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The information in our interactive Radar is currently only available in English. To get information in your native language, please download the PDF here.

Techniques

Cloud lift and shift

NOT ON THE CURRENT EDITION
This blip is not on the current edition of the radar. If it was on one of the last few editions it is likely that it is still relevant. If the blip is older it might no longer be relevant and our assessment might be different today. Unfortunately, we simply don't have the bandwidth to continuously review blips from previous editions of the radarUnderstand more
Nov 2016
hold?

As more organizations are choosing to deploy applications in the cloud, we're regularly finding IT groups that are wastefully trying to replicate their existing data center management and security approaches in the cloud. This often comes in the form of firewalls, load balancers, network proxies, access control, security appliances and services that are extended into the cloud with minimal rethinking. We've seen organizations build their own orchestration APIs in front of the cloud providers to constrain the services that can be utilized by teams. In most cases these layers serve only to cripple the capability, taking away most of the intended benefits of moving to the cloud. In this edition of the Radar, we've chosen to rehighlight cloud lift and shift as a technique to avoid. Organizations should instead look more deeply at the intent of their existing security and operational controls, and look for alternative controls that work in the cloud without creating unnecessary constraints. Many of those controls will already exist for mature cloud providers, and teams that adopt the cloud can use native APIs for self-serve provisioning and operations.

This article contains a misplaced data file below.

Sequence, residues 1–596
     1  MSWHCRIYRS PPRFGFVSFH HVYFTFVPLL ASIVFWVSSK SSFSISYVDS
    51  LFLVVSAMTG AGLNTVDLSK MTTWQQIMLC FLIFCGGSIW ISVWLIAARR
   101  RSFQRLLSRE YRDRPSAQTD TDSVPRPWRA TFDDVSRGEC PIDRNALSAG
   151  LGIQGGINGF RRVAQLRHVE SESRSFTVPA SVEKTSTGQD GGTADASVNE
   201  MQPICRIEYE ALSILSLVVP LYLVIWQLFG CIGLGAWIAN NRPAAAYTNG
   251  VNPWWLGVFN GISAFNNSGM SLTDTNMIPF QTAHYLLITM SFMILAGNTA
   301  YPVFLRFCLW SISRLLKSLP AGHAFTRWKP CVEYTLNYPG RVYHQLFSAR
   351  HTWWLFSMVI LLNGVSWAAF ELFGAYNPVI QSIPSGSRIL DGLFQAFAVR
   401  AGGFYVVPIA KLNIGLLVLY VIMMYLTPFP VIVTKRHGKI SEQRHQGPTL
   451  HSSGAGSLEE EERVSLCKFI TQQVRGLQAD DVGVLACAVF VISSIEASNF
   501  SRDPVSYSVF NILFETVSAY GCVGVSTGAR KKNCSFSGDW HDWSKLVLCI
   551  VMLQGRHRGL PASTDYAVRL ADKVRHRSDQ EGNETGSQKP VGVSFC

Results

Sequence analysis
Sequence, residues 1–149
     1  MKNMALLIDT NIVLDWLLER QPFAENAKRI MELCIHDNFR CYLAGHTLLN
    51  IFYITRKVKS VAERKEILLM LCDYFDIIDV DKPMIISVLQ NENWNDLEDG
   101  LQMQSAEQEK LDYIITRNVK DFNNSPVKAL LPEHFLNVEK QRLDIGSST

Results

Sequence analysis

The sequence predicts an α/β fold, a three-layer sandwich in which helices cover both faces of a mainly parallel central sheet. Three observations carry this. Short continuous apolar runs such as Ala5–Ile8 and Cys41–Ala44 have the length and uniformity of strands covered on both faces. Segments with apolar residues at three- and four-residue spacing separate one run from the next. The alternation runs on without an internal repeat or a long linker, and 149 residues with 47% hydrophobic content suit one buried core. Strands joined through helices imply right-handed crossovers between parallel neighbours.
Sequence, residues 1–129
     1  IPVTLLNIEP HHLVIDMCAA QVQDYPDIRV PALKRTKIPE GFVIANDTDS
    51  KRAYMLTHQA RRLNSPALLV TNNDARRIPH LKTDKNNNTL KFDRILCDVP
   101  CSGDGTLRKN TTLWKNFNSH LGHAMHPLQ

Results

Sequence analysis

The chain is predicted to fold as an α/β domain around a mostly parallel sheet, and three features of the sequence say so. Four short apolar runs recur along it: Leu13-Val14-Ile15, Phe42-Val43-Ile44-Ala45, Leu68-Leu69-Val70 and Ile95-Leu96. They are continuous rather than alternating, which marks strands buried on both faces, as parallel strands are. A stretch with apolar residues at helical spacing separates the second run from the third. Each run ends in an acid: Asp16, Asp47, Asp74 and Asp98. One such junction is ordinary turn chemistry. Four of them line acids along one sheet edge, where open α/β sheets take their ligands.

Jan 2015
hold?

As cloud adoption grows we are unfortunately seeing a trend to treat the cloud as just another hosting provider. Cloud lift and shift is unfortunately being encouraged by large vendors re-branding existing hosting offerings as "cloud." Few of these offer any real flexibility or pay-as-you-use pricing. If you think you can move to the cloud without re-architecting, you are probably not doing it right.

Jul 2014
hold?
As cloud adoption grows we are unfortunately seeing a trend to treat the cloud as just another hosting provider. Cloud lift and shift is unfortunately being encouraged by large vendors re-branding existing hosting offerings as "cloud." Few of these offer any real flexibility or pay-as-you-use pricing. If you think you can move to the cloud without re-architecting, you are probably not doing it right.
Jan 2014
hold?